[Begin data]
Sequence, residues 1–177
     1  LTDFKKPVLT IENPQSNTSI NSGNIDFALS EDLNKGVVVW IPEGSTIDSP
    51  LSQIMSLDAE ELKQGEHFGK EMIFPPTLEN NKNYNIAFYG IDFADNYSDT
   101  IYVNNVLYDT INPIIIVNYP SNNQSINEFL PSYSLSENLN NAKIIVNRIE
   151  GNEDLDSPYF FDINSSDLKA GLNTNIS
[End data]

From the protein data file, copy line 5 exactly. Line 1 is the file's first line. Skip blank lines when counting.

   151  GNEDLDSPYF FDINSSDLKA GLNTNIS